Effects of Nature and Birdsong on Cognition, Attention, and Wellbeing

Alex Yeghikian (Author) and Sonya A. Ashikyan (Mentor)

Walking around UCLA, you might hear the trill of a Bewick’s wren, the clicks of a California towhee, or the chirping of a dark-eyed junco. With a careful eye, you might even see one perched on a branch or flying swiftly by. We might not pay much attention to the birds around us during our day-to-day goings on, but they are no doubt an integral part of our natural surroundings. But can our feathered friends help us learn, focus, or feel better about ourselves? Science says they can!

Although many people already view nature as something beneficial at a primal level, two scientific theories offer an explanation as to why this might actually be the case. Attention Restoration Theory (ART) is based on the idea that the brain becomes fatigued over time as it must inhibit distractions to maintain focus on a given task, a phenomenon known as directed attention fatigue. It asserts that these mental resources can be restored through exposure to fascinating stimuli that involuntarily and effortlessly attract one’s attention, given that they are part of an environment that meets certain criteria, such as providing a sense of being away (i.e., a psychological escape), offering an opportunity for exploration, and being compatible with the task at hand (Kaplan, 1985). Spending time in nature, which is full of such stimuli from a babbling brook to a tree-lined path, is thus asserted by ART to offer rest and restore concentration and cognitive performance, and studies support the notion that natural environments demand less mental effort to process than urban ones (Grassini et al., 2019). Stress Reduction Theory (SRT) focuses instead on the physiological restorative effects of nature, claiming that a biological response to stress motivates a change in environment and that characteristics of a natural environment promote positive emotions and attention that reduces said stress. This is more grounded in an evolutionary perspective that argues humans are innately predisposed to more strongly direct attention towards and respond positively to natural environments (Ulrich et al., 1991).

Many studies in the past few decades have investigated the psychological and physiological effects of nature, primarily based on these foundational theories. It has been demonstrated, for instance, that taking a break by walking in a natural environment such as a park as opposed to an urban environment such as a street results in better performance on tasks measuring cognition and attention as well as measures measuring mood and anxiety (Berman et al., 2008; Bratman et al., 2015). Fascinatingly however, more recent studies have looked at different senses individually and discovered that restorative effects are also observed when nature scenes are merely seen, or sounds of nature heard. Similar effects on affect, cognition, and attention are observed using those conditions, while pictures of cityscapes or manmade noise such as traffic do not contribute towards a restful break (Stobbe et al., 2022; Van Hedger et al., 2019; Alvarsson et al., 2010, Benfield et al., 2014).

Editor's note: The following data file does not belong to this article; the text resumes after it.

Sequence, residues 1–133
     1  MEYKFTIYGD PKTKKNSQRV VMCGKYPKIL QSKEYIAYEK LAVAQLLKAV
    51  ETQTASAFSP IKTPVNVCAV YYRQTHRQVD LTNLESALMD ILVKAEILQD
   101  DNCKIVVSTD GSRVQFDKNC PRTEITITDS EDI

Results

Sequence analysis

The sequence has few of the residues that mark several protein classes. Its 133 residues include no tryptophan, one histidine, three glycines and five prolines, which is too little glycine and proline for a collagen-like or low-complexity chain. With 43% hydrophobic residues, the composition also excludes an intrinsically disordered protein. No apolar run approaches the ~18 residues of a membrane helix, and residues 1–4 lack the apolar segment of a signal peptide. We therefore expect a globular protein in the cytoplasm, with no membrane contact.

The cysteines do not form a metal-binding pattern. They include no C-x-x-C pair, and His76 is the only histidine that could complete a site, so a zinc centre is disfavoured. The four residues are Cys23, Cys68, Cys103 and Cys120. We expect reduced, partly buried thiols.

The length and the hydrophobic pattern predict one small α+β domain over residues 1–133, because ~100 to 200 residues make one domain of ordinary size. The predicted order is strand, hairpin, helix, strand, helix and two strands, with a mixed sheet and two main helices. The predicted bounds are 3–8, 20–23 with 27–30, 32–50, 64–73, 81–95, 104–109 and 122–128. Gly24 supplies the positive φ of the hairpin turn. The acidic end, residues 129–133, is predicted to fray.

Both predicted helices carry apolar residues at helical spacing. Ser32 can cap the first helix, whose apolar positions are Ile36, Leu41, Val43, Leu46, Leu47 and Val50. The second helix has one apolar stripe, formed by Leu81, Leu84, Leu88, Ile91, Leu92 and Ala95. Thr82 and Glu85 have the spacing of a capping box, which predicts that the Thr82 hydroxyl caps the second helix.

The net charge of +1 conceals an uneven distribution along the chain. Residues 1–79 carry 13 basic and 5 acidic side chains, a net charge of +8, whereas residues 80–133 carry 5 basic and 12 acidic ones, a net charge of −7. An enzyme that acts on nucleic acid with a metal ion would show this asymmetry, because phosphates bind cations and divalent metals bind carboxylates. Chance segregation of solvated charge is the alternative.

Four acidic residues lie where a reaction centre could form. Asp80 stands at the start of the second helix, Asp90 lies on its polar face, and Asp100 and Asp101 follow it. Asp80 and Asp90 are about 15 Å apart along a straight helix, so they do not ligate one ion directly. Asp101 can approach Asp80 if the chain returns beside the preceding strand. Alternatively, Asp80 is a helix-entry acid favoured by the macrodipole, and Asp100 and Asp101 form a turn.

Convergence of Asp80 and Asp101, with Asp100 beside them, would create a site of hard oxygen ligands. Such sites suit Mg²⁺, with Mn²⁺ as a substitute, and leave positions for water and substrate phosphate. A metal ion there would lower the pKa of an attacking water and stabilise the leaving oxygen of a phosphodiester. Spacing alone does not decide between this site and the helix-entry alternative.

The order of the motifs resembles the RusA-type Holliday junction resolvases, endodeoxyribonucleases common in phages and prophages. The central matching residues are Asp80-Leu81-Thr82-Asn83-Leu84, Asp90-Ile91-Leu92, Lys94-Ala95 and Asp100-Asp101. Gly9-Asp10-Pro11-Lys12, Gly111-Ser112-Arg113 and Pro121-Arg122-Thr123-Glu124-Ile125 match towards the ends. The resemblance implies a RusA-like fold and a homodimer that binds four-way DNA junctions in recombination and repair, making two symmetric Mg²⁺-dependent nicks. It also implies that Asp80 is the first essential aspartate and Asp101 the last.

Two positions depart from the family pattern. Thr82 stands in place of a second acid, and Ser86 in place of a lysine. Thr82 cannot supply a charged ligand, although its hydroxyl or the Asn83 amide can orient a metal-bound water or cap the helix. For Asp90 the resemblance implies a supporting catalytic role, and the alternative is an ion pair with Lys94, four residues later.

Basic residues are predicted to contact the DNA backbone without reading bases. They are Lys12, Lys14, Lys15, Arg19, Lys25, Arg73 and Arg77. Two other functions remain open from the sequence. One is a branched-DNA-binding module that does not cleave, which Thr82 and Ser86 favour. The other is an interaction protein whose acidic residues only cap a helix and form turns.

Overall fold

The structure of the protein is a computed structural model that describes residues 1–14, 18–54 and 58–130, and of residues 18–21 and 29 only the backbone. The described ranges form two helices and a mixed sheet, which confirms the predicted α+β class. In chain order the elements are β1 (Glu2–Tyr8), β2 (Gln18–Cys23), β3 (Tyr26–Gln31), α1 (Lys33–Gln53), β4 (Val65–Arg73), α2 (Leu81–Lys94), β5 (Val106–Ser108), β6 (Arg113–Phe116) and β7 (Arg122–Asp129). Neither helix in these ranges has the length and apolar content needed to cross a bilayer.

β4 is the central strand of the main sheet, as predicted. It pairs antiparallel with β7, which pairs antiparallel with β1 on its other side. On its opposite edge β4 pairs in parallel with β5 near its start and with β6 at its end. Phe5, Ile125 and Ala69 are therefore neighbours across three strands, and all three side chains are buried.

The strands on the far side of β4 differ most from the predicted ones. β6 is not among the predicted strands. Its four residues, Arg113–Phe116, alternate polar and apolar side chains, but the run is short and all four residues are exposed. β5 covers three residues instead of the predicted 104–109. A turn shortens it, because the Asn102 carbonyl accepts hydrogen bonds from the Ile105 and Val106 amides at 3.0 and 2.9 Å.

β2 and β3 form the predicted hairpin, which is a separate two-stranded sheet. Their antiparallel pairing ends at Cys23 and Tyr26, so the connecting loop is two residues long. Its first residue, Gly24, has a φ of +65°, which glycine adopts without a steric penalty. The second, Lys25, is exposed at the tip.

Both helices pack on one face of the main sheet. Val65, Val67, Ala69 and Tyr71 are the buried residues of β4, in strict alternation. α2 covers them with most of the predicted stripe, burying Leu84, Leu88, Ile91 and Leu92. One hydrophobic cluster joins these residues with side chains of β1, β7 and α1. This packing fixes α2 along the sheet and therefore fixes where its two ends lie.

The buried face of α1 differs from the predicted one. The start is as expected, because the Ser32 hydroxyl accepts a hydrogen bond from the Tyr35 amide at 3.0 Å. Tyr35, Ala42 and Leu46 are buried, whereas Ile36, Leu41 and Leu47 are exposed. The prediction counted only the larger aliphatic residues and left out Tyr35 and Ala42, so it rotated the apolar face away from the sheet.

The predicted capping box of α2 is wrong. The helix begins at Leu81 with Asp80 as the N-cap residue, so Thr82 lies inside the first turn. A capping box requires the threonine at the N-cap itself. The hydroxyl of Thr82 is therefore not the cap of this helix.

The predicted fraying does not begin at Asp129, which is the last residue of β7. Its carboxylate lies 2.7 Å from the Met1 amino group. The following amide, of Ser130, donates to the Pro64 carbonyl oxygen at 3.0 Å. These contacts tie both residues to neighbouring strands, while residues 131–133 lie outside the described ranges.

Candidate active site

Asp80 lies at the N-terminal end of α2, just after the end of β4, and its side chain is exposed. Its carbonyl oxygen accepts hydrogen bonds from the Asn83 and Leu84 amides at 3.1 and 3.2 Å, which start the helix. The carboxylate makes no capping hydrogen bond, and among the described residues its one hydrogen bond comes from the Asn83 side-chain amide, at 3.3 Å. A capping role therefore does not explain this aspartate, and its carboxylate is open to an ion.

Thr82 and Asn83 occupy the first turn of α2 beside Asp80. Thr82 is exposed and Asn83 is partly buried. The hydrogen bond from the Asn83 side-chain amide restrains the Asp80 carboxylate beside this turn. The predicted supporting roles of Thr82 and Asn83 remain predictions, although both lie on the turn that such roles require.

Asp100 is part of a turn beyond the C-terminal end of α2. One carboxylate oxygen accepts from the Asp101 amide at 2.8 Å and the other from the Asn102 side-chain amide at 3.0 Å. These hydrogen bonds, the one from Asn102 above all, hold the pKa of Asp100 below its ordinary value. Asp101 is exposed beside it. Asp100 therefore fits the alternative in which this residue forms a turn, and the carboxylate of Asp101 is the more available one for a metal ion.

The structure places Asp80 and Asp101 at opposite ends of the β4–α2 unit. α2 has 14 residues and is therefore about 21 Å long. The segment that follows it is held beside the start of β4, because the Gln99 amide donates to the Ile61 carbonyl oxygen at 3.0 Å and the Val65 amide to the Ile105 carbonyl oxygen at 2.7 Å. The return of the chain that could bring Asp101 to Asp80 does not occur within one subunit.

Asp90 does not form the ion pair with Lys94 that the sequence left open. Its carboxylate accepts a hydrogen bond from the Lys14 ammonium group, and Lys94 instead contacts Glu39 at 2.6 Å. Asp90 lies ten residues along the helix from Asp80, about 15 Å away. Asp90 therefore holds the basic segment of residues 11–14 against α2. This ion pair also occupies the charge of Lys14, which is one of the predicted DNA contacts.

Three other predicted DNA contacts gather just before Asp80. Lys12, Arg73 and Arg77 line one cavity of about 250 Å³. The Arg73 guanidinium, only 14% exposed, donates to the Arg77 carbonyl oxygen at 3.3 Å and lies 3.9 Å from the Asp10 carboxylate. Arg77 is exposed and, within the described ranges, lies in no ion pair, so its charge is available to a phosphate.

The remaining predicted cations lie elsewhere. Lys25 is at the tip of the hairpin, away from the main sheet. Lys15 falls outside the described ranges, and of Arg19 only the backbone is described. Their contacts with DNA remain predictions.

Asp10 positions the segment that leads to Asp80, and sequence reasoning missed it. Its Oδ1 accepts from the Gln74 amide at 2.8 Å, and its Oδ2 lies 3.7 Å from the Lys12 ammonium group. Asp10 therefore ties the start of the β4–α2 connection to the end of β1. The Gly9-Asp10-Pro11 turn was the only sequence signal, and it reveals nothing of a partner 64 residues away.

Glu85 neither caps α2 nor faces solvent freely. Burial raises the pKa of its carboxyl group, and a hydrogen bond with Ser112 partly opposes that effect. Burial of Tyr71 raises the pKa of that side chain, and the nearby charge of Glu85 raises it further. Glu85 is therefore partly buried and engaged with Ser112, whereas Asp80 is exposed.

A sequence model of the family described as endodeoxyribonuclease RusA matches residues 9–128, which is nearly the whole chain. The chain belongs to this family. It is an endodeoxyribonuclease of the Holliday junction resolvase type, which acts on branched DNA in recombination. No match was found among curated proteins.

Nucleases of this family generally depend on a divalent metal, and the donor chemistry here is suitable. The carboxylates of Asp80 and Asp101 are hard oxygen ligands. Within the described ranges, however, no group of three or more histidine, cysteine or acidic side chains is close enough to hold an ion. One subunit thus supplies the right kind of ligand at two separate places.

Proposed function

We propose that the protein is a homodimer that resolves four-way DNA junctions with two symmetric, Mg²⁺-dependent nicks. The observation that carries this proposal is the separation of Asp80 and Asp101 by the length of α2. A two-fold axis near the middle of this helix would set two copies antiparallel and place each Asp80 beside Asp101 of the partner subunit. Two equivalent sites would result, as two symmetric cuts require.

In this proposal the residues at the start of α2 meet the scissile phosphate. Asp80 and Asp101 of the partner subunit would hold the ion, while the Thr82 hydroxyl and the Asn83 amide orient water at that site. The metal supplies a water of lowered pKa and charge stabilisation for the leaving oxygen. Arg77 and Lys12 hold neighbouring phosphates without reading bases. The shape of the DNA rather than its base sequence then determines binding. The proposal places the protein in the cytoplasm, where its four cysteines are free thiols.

Within nature sounds as a whole, birds specifically have been identified as influential. Of all animals in the natural soundscape birds contribute the most, dedicating considerable energy towards acoustic activity year-round and especially during breeding season (Farina et al., 2011). The ubiquity of birdsong in natural environments therefore shapes our perception of those environments. Various quantitative and qualitative studies by Eleanor Radcliffe et al. (2013, 2020) have determined that individuals generally perceive birdsong as restorative from stress and attention fatigue, depending however on personal experiences with nature, compatibility with current goals, and various properties of the specific species’ song in question. As such, many explorations of natural audio on psychology and physiology solely utilize or otherwise heavily incorporate birdsong, with results as mentioned. Studies specifically investigating associations between interactions with birds and wellbeing corroborate such findings over time as well (Hammoud et al., 2022).

What do these findings mean for us? Exposure to nature in general and birds specifically has been demonstrated to be able to promote rejuvenation and boost wellbeing. Indeed, access to nature in general has been found time and time again to equate with better health outcomes, greater mental wellbeing, and overall happiness. However, these results also underscore the importance of protecting greenspace and natural environments amidst a worldwide trend of ever-increasing urbanization. One study has found that an increase in residential distance from a natural outdoor environment was associated with poorer cognitive performance (Ziljema et al., 2017). Another investigating a correlation between biodiversity and life satisfaction found that a 10% increase in the number of bird species found in an area is associated with a roughly 1.53-fold increase in life satisfaction compared to a proportional increase in income, equivalent to around $200 (Methorst et al., 2021). In fact, simply perceiving that a space has more species richness is associated with greater psychological benefit (Belaire et al., 2015). Here at UCLA, we are fortunate to be home to hundreds of bird and plant species and to have spaces such as the Mildred E. Mathias Botanical Garden on campus. The next time you find yourself under the stress of midterms or in need of a pick-me-up, it might just be worthwhile to step outside and let nature get to work.

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